Recent Dell research revealed that 25 per cent of MSPs questioned do not offer their customers any type of backup solution.
This means those customers are either going elsewhere, or are at a very real risk of losing all their vital data should disaster strike.
CRN editorial director Sara Yirrell recently chaired a web seminar which discussed the significant opportunites around backup and disaster recovery (DR) in the market, and also the issues MSPs should take into account before getting involved.
On the panel were: Clive Longbottom, service director of Quocirca; Luc Eeckelaert, director of MSP Programme EMEA at Dell; Jonathan Kamminga, director of software sales engineering at Dell; and Simon Ponsford, chief executive of MSP Tivarri.
One of the questions that came up was how serious an issue is not having the right backup?
Longbottom said: “When disaster happens, one in three firms do not recover and go out of business in 18 months. There are two metrics when looking at backup: recovery point objective (RPO) and recovery time objective (RTO). For a lot of people those have been some time apart – as long as 10 days – making it difficult to figure out where to start, and this is where MSPs can help. They need to make sure those two metrics are as close together as possible, aiming for almost data continuity so a customer can remain in business.”
Kamminga added: “Using the same RTO/RPO methodology, if MSPs help their customers look at applications, they can build a ‘service catalogue’ where critical applications are highlighted. These may only be two or three and the underlying data may be small.
“The vast majority of data applies the ‘80/20 rule’ – where 80 per cent is not that valuable and 20 per cent is extremely valuable. We can help build a backup strategy around that 20 per cent, and the remaining 80 per cent is the chunk that might go to the MSP because it does not have to be recovered immediately. This is an effective way of helping customers understand where their data is, and building a service around the catalogue.”
And if anyone should doubt the need for an effective strategy, Ponsford shared a disaster story of his own.
“After the Buncefield explosion [in 2005], one of our customers had their windows blown out, but their server room was below ground. We checked all the systems were running and everything was still live; it looked good. However, we were watching the CCTV camera in the server room, and with all the water the fire brigade was pumping in, we could see levels rising.
“Having gone past the first hour thinking everything was OK, we had to invoke full DR mode and were able to flip from running onsite to running from our datacentre. Not all the data had been copied over and it was then a case of identifying the critical systems and getting the data across before the lines went down, which was about 45 minutes before everything was completely underwater.”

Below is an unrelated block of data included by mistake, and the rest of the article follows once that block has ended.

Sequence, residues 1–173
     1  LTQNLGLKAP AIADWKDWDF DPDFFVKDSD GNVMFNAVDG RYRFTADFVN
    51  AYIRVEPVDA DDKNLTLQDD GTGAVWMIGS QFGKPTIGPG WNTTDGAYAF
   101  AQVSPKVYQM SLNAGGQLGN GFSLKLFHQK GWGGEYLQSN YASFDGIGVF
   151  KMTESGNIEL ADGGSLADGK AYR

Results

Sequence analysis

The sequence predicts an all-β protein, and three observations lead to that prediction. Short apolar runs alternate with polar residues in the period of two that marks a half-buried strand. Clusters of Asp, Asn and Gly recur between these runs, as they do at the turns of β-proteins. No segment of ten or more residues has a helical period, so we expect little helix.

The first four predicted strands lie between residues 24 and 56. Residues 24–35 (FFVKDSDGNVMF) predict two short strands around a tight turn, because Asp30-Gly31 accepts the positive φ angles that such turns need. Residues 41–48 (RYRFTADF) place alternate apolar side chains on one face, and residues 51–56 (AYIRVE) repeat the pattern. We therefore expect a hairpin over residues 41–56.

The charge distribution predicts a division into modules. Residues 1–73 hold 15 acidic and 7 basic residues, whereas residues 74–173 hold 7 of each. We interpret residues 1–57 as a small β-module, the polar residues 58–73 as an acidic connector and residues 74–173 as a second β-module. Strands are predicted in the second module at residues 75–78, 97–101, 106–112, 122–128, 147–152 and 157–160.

Ponsford added that MSPs need to be aware that customers will not always stick to agreements.
“Since our original contract, the company had installed a new server and the IT manager admitted he ‘forgot’ to tell us. We had to try to copy over that data very quickly as well that day.”
To ensure success, the panel agreed that MSPs need to think of ways to ensure customer stickiness and a level of insight, as well as having the right strategy to get them back up and running on site as soon as possible when the disaster is over.
Longbottom said: “When the recent Holborn fire occurred, an MSP we knew told their customer that the power was about to go down, and reassured them that their data was safe and they could keep on working provided they found alternative premises. It was very comforting for the customer to know that.”
Eeckelaert added: “It is important for service providers to keep customers sticking to them, but how do you work around them feeling trapped?” Ponsford said it was about being upfront and knowing how data ownership laws work.
“When you sign up a customer, it does not mean they sign a permanent contract – they need to be able to move on; they need the granularity in their data that we have. The data is owned by the customer and not the MSP. They have every right to that data,” he said.
To watch the seminar and find out what the panel said about what vendors should be doing to help their partners, how to get involved and plan a proper backup strategy that works and will bring financial rewards, please click on this link: www.workcast.com/register?pak=5597870619379117.
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